Carbondale guitar shop celebrates three major milestones
Glenwood Springs, CO Colorado
CARBONDALE, Colorado ” If you’ve ever seen Steve Standiford inside his little listening room, you know this is true: When he’s at Steve’s Guitars, he’s almost always smiling.
So it was a few days ago, as he addressed a crowd assembled for the 369th consecutive Friday night of live music at his quaint joint.
“Every single time is a new experience ” for me and everybody who’s on stage,” he told them.
That anniversary show was no different.
There were three big milestones to speak of that night. It represented seven years of the Friday shows, 10 years of Standiford being in that space and 15 years of him being in the guitar business. He’d invited a group of his favorite musical friends to help him celebrate.
And, like any party worth its salt, the event was as unpredictable as the snowy weather outside.
In the beginning, the attendance was light. For the first few minutes, the room looked more like a music museum than a venue, its ceiling heavy with every kind of guitar you could imagine. There was a sexy, red, electric one and one with a painting of a dog on it, even one covered in rhinestones. In the room behind the stage, a few musicians were hanging out, talking and tuning underneath walls papered with posters from old shows and vintage record covers. As people started to trickle in, it was completely casual, yet everyone was excited and respectful as each new act took to the stage.
They clapped heartily for Jimmy Polowchena and his electrified blues. When Sue Krehbiel started singing in her vibrato-filled voice, the audience laughed at her funny songs and were silent during her serious ones. At one point, she forgot the lyrics to a tune and had to start over. She just chuckled, and the crowd chuckled, and it all felt fine.
As Dan Sheridan strummed his guitar and sung about how “big money ruins everything,” people clapped in agreement.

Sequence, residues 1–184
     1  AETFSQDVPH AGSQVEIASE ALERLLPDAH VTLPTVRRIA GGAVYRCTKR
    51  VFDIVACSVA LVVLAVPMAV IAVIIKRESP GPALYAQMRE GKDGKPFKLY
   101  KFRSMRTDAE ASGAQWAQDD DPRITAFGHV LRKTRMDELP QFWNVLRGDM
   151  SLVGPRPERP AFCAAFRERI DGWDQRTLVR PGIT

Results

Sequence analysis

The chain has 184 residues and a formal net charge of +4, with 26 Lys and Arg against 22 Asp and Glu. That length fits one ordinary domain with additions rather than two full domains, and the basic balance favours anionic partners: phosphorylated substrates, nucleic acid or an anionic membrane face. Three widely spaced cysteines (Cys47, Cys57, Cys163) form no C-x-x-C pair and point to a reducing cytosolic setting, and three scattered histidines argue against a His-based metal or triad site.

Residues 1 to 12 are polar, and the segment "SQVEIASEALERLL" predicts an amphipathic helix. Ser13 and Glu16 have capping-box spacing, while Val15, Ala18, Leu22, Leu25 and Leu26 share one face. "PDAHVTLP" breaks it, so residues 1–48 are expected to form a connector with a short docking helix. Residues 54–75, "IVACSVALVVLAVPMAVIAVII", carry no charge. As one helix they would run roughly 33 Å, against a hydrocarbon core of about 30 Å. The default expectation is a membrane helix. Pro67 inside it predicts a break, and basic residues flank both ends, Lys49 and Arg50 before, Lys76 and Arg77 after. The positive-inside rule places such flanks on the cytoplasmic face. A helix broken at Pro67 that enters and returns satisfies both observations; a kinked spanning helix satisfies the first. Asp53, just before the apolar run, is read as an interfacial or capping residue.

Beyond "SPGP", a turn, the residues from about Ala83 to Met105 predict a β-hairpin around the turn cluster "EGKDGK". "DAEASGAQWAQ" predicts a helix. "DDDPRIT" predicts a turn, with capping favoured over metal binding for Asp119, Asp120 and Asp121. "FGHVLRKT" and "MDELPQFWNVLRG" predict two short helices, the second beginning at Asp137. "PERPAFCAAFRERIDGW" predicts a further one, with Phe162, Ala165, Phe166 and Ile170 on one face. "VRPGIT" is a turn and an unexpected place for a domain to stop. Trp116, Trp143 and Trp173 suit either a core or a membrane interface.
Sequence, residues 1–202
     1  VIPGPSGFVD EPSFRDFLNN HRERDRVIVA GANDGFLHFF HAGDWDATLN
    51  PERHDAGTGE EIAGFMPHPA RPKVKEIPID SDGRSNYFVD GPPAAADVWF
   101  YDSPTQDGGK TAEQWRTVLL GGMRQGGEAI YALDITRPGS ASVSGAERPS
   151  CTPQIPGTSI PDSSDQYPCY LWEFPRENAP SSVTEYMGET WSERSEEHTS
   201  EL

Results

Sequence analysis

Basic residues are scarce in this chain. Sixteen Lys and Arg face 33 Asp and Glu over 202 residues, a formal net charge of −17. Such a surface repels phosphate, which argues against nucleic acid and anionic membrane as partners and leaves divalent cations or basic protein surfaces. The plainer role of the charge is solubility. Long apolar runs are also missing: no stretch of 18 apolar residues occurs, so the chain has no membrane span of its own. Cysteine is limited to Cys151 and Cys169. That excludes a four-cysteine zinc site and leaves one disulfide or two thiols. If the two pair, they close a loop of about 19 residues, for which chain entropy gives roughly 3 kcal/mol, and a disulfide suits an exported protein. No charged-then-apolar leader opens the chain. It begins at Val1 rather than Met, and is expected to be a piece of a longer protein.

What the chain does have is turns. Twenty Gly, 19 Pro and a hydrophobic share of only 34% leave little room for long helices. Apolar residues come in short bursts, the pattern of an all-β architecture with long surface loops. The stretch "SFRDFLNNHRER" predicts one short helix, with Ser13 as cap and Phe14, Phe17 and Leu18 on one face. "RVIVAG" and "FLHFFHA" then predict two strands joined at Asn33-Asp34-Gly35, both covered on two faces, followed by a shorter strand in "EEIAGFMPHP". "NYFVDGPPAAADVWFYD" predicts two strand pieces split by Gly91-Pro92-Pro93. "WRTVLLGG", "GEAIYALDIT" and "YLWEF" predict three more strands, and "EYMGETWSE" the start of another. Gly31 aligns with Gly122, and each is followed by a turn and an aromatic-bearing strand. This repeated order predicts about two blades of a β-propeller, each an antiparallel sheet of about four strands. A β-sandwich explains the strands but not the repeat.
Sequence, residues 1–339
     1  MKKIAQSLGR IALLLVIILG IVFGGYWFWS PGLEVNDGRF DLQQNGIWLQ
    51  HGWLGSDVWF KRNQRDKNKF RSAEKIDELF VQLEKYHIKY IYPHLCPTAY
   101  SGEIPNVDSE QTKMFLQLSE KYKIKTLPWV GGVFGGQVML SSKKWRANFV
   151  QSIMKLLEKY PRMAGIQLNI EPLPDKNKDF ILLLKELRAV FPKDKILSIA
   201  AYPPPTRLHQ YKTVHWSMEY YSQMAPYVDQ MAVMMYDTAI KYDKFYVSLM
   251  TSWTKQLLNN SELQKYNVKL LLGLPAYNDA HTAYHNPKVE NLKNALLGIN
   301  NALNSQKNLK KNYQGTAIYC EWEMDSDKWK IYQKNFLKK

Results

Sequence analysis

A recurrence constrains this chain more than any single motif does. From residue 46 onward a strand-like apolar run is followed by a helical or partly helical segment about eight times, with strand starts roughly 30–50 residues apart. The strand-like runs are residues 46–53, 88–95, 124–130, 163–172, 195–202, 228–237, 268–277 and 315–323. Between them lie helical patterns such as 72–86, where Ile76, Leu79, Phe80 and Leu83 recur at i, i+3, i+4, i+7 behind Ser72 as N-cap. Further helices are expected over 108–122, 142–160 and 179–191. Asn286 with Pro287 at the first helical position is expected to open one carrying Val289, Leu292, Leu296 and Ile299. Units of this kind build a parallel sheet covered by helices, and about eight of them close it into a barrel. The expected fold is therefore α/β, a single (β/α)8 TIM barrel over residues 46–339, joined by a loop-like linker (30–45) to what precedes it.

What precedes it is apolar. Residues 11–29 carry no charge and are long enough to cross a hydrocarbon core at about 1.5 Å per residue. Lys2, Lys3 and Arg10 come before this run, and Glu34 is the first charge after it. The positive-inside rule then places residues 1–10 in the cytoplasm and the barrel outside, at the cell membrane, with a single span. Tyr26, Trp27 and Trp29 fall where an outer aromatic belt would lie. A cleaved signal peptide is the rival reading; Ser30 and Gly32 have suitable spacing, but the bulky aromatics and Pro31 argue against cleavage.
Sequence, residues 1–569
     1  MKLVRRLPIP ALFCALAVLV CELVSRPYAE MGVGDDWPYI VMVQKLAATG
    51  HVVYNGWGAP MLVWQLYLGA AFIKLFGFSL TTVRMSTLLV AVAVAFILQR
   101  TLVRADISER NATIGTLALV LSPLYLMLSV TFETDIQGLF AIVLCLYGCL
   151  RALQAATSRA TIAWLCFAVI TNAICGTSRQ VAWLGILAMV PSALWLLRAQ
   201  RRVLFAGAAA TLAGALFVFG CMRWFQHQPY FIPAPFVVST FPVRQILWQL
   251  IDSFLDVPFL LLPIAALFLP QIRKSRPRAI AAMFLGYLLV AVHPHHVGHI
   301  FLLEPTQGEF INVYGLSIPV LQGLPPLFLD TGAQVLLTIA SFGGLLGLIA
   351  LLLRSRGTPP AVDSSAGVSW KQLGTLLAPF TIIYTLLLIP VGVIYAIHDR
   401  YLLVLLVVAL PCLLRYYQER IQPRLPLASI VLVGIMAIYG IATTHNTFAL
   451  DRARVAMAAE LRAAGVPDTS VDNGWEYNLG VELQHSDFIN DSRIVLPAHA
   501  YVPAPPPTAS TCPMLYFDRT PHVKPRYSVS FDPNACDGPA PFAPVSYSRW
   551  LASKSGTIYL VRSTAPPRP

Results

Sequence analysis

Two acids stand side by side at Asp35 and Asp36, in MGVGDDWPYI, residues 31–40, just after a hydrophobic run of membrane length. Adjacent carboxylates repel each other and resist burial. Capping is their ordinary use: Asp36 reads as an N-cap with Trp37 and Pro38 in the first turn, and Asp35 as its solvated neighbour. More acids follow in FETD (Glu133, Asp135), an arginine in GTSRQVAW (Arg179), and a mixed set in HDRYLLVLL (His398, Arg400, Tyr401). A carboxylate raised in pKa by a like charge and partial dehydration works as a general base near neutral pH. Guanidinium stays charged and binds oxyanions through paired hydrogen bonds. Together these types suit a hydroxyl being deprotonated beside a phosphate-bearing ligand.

“Is there anything more gorgeous than a man in a full-length fur coat?” he asked, sarcastically.
And belly laughs could be heard throughout the place.
By the time stringed duo Don and April Paine started to play, almost every seat was full. As they did their twangy rendition of “Somewhere Over the Rainbow,” it was as though everyone, on the stage and off, was beaming.
When closing act Lorraine and Craig Curry, along with Marc Bruell, finished their set of hard-hitting bluegrass, the crowd didn’t seem ready to leave. While a few people took off, a good deal stuck around, pulling out instruments and starting an impromptu jam session. Though many had never played together before, they spent at least another hour making music.
It was like a cozy community in there.
“They always make us feel like family. We’re like extended Standifords,” said Lorraine Curry speaking of Standiford, his wife, Mary Margaret and their daughter, Shannon.
She went on about Steve’s being “the best listening room in the valley.” She described how much she likes it that people are there to truly hear music and socialize. It’s no bar scene, she stressed.
Others were quick to heap on the praise, too. Polowchena talked about Steve’s being so “accessible.” It’s very visual, he added, dubbing the place’s walls “eye candy.”
Krehbiel, who’s been playing at the venue for at least six years, called it “intimate” and “low-key.” A songwriter since childhood, she had never really performed anywhere before Steve’s. Somehow, this place let her feel comfortable enough to share herself that way. As she put it, “I came out of the closet in Steve’s Guitars.”
When asked about how things might have been without the room, she answered adamantly.
“Oh, I wouldn’t be playing,” she said. “I mean, where would I play?”
Standiford was too preoccupied greeting people and watching the show intently to hear any of those high marks from folks. Through much of the night, he was the one sitting right in front of the stage, and tapping his toes and bobbing his head more than anyone else in sight. He looked so happy.
“Oh, it was great fun,” he said, after the show was all done.
Though the weekly music was his original idea, he shied away from taking too much credit for the phenomenon. Sure, it’s him who finds someone to play every Friday ” regardless of whether it’s a big headliner like John Oates or a new musician, just starting out. Sure, if no one showed, he’d be down there, strumming his own guitar. Still, he feels no more responsible for the lovely atmosphere than a surfer does for some great wave. He keeps the rent paid, does his part, but after that, every musical experience is up to chance.
“It’s like the room is some sort of vessel, where you put in the most basic ingredients, and a new dish comes out every time,” he said.
He wouldn’t call what he feels “pride.” It’s more about gratitude. It’s thankfulness, he explained.
And, as he was saying all that, he had this look of awe on his face.
“Wasn’t tonight sweet?” he asked. “Wasn’t it sweet?”
Yes, Steve, it was. It really was.
Contact Stina Sieg: 384-9111
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